Elder Rasband to rededicate Manti Utah Temple on April 21

The rededication will be a single session at 5 p.m., with wards and branches in the temple district to hold regular Sunday meetings

The First Presidency of The Church of Jesus Christ of Latter-day Saints has announced that Elder Ronald A. Rasband of the Quorum of the Twelve Apostles will rededicate the Manti Utah Temple on Sunday, April 21.

The rededication will be done in just one late-afternoon session at 5 p.m., with no adjustments to regular Sunday worship services for the wards and branches in the temple district.

The First Presidency previously announced the April 21 dedication date — along with the temple’s March 11 media day the public open house running from March 14 through April 5 — nearly four months ago, on Nov. 20, 2023. The original announcement noted that additional information regarding the rededication — including the times of sessions and who will be presiding — would be announced at a future date.

On Feb. 12, 2024, the First Presidency announced the late-afternoon, single-session rededication. An assigned presiding Church leader was still not identified at that time.

The announcement of Elder Rasband’s rededication assignment was first published Tuesday, April 9, on

The Manti temple rededication session will be broadcast to all units within the Manti temple district, with the units expected to hold their standard two-hour Church meetings at their regular times that day.

The temple recently completed its public open house, with the final day being Friday, April 5.

The Manti Utah Temple, a multistory stone temple with two towers, shines in the early morning light with a dark blue sky.
The Manti Utah Temple shines in the early morning light on Monday, March 11, 2024. | Brian Nicholson

The Manti temple’s history and renovation

During April 2019 general conference, Church President Russell M. Nelson announced the renovation of several pioneer-era temples — including the 74,792-square-foot Manti temple, which required mechanical upgrades and technology to allow the ordinances and covenants to be administered in multiple languages.

On May 1, 2021, President Nelson announced plans to preserve “the pioneer craftsmanship, artwork and character” of the Manti temple — as well as plans to construct a second temple in Utah’s Sanpete Valley, in the city of Ephraim. A closure date of Oct. 1, 2021, was set to start the multiyear renovations.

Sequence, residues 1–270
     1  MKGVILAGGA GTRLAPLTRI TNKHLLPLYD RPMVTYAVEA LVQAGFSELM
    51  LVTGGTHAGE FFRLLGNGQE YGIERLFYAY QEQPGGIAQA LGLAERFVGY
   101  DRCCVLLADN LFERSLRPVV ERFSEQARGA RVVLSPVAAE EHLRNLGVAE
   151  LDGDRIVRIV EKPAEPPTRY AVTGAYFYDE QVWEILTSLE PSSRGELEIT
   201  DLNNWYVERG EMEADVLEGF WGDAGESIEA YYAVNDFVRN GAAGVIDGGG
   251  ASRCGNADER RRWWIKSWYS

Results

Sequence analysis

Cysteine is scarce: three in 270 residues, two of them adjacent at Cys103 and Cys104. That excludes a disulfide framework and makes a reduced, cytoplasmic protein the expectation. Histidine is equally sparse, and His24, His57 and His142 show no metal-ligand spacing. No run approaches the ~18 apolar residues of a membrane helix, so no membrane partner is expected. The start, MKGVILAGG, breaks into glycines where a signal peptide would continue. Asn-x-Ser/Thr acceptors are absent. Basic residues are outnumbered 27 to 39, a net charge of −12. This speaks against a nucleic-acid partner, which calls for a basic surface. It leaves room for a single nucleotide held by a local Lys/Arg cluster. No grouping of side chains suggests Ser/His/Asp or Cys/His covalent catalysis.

On June 25, 1875, Church leaders announced plans to first construct the Manti temple. Church President Brigham Young broke ground April 25, 1877, and President Wilford Woodruff, then president of the Quorum of the Twelve Apostles and later the Church’s fourth President, dedicated the temple on May 21, 1888. “Show favor unto all who have helped to forward this work by good wishes, good words or good deeds,” he prayed.

Almost a century later, in June 1985, President Gordon B. Hinckley, then a counselor in the First Presidency, rededicated the temple following recent renovations. Asking the Lord to sanctify the temple, he prayed that “all who will enter it through the years to come, may feel the presence of Thy Spirit and recognize that they are in holy precincts.”

The Manti temple was the Church of Jesus Christ’s fifth constructed in the latter days and is third oldest still in operation. The Church assumed stewardship of the Kirtland Temple earlier this year from Community of Christ, and the original Nauvoo Temple was left behind by the Saints who were forced to migrate to the Salt Lake Valley; it was later destroyed by fire and a tornado.

Temples in Utah were later built and dedicated — in order — in St. George, Logan, Manti and Salt Lake before the end of the 19th century.

Following President Nelson’s April 2019 announcement, the St. George Utah Temple was the first to close and begin renovations, in November 2019, as well as the first to be rededicated, on Dec. 10, 2023.

The Salt Lake Temple closed in December 2019 for extensive renovations and seismic upgrading. The latest projection for completion is for 2026.

The Manti Utah Temple shines in the early morning light with snow-speckled mountains in the background.
The Manti Utah Temple shines in the early morning light before the open house began on Monday, March 11, 2024. | Brian Nicholson
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